Technology sector should not be shielding sex traffickers online


Sex trafficking is a growing problem that has moved from the street to the smart phone.

The National Center for Missing and Exploited Children (NCMEC) reports an 846 percent increase in reports of suspected child sex trafficking from 2010 to 2015, which it found to be “directly correlated to the increased use of the Internet to sell children for sex.”

{mosads}Victims of illegal sex trafficking have found it difficult to seek justice in the courts due to the blanket liability protection provided in Section 230 of the Communications Decency Act (CDA) to technology companies that host sites that facilitate sex trafficking, even when it’s been found that those sites actively and knowingly facilitated the criminal sex trafficking of vulnerable women and young girls, and covered up evidence of the crimes.

In August, a bipartisan group of U.S. Senators introduced narrowly crafted legislation to make it possible for victims of sex trafficking to hold online enablers accountable. The Stop Enabling Sex Traffickers Act (SESTA) was introduced by Senators Rob Portman (R-Ohio), Richard Blumenthal (D-Conn.), John McCain (R-Ariz.), Claire McCaskill (D-Mo.), John Cornyn (R-Texas) and Heidi Heitkamp (D-N.D.), and is supported by human rights activists, courts, district attorneys, and attorneys general from across the U.S. for its potential in protecting trafficking victims.

Major technology companies are, unfortunately, lobbying to defeat this sensible and modest bill designed to make it harder for sex traffickers to misuse the Internet and abuse women and children for profit.  

Under the guise of a “free and open Internet,” the technology sector opposes SESTA. When invited to collaborate on the legislation, however, they stonewalled Senate outreach and offered “no constructive feedback.”  

A reasonable argument could be made that breaking the liability shield of CDA 230 could interfere with Internet freedom. This shield, however, is not absolute and technology companies are, for example, required to comply with notice-and-takedown requests to remove copyright material. Surely we can agree that if these companies are required to protect the financial interests of the movie and music industry, they should take responsibility to protect some of the most vulnerable among us.

Putting aside the bill’s narrowly crafted, straightforward nature, the opposition puts Google, Facebook, Twitter and others on the same side as Backpage whose website has been involved in 73 percent of all child trafficking reported to NCMEC by the general public.

This is not the first time that the technology industry has resisted necessary and modest change. In 2003, the rise of the Internet brought with it the unprecedented global proliferation of illegal child pornography. Then-Attorney General John Ashcroft called the major technology companies of the time together to discuss the problem, leading these companies to create the Technology Coalition, with a stated mission of “eradicating online child sexual exploitation.”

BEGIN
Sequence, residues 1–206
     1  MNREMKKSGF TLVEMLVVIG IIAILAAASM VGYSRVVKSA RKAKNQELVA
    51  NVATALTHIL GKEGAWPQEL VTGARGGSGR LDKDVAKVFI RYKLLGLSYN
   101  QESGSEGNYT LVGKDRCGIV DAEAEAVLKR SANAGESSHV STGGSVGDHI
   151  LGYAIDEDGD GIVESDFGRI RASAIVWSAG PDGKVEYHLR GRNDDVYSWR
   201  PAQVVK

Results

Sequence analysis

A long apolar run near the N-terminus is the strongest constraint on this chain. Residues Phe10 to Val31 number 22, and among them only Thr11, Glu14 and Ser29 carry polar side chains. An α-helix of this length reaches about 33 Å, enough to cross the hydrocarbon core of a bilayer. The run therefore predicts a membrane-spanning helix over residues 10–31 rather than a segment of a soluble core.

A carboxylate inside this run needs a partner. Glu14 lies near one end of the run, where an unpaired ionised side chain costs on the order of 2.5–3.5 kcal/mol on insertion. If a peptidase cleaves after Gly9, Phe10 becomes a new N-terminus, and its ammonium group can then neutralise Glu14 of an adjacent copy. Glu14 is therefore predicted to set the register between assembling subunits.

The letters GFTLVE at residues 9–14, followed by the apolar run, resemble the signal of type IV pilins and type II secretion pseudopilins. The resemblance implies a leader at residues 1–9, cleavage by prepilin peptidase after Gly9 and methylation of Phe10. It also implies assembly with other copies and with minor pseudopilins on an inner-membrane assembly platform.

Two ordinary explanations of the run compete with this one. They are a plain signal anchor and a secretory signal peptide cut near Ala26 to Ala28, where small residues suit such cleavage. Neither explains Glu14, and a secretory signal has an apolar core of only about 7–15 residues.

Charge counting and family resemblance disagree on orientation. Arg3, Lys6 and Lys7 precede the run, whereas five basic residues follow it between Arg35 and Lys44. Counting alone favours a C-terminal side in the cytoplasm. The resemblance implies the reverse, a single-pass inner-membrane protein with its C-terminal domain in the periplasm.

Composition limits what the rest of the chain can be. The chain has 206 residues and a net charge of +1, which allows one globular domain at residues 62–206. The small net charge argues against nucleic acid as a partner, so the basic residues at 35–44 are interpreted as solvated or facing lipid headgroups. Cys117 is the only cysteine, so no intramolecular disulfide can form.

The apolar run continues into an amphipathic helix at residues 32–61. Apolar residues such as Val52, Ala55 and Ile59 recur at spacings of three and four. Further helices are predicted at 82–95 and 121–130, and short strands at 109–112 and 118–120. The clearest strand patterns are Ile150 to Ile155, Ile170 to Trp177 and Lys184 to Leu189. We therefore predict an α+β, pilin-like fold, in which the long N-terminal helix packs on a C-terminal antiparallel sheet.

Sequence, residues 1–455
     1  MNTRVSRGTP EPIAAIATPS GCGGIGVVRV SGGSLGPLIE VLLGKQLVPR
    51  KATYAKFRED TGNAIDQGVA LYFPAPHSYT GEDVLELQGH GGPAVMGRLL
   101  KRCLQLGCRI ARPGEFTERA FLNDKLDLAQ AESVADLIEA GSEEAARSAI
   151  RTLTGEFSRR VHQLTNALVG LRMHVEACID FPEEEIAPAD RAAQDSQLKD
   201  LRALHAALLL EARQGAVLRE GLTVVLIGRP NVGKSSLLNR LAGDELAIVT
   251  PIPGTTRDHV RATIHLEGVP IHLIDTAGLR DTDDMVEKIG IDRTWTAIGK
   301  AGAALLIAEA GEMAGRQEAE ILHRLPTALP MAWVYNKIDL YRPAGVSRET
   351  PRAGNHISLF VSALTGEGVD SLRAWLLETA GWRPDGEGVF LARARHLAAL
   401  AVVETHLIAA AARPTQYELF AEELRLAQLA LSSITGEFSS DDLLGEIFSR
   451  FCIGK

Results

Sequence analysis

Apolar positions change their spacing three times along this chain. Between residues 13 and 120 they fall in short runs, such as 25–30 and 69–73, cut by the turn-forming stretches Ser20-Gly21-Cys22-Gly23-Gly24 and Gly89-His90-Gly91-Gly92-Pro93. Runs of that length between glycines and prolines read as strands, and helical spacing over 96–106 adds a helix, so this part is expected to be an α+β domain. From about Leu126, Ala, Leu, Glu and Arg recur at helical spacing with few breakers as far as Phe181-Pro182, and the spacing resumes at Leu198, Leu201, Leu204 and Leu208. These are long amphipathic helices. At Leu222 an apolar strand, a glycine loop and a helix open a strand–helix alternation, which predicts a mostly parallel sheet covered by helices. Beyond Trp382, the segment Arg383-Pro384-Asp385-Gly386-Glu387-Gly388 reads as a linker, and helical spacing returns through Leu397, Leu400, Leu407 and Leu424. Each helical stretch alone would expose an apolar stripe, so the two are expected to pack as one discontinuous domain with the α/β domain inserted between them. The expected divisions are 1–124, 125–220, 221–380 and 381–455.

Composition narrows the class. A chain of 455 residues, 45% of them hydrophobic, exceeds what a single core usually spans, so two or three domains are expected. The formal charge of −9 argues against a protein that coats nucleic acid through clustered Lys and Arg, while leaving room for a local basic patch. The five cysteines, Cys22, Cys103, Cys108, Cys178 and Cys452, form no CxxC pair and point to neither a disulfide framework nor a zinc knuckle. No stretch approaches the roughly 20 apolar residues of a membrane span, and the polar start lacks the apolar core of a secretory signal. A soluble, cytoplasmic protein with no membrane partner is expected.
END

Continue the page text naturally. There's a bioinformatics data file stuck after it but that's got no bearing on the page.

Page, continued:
For the next five years, however, the Technology Coalition did not develop or deploy any effective solution to disrupt online child pornography — and the problem festered and worsened.

Because of my expertise in the field of digital forensics, Microsoft teamed up with me in 2008 to develop technology to help reduce the child pornography epidemic. Within a year we developed a technology called photoDNA, which today is in worldwide use. Each year, photoDNA accurately and efficiently removes tens of millions of images of child exploitation from online platforms. It took us only a year to develop and deploy this technology, yet it still took another five years before the biggest companies like Google were willing to deploy this technology on their platform.

This pattern of denial and inaction continues into recent events. Before the Charlottesville tragedy, technology companies ignored The Daily Stormer and Vanguard America, both well-known racist and anti-Semitic websites that regularly espouse racism and violence that clearly violate these companies’ terms of service.

It was only after the tragic events of Charlottesville and the ensuing public outcry that these websites were taken down. And yet, these same companies continue to host websites affiliated with terror groups including the Taliban, al-Qaeda, and ISIS. The lack of responsibility of tech and social media platforms does not stop there.

Recently, Facebook admitted that it had allowed Russian groups to create hundreds of fake user accounts for the purpose of purchasing political ads. Add to this the untold number of fake users that regularly posted content on both Facebook and Twitter in what has been described as “an unprecedented foreign intervention in American democracy.”

Tech was on the wrong side of the online child exploitation issue in the early 2000s, and they are wrong today in hindering the fight to stop illegal sex trafficking.

The CDA law that provides blanket legal protection for the things people post online was never intended to shield sex traffickers and other illegal and dangerous online activities. Technology companies believe they should continue to have the power of self-regulation, while ignoring the horrific acts that take place on their platforms. These companies have a responsibility to clean up their platforms from the worst actors that they deliberately tolerate.

These companies must take a more active role in taking down material that promotes illegal and despicable behavior instead of sitting idly by and profiting from it.

Hany Farid is the Albert Bradley 1915 Third Century Professor and Chair of Computer Science at Dartmouth College and senior advisor to the Counter Extremism Project (CEP).

Tags Claire McCaskill Heidi Heitkamp John Cornyn John McCain Rob Portman

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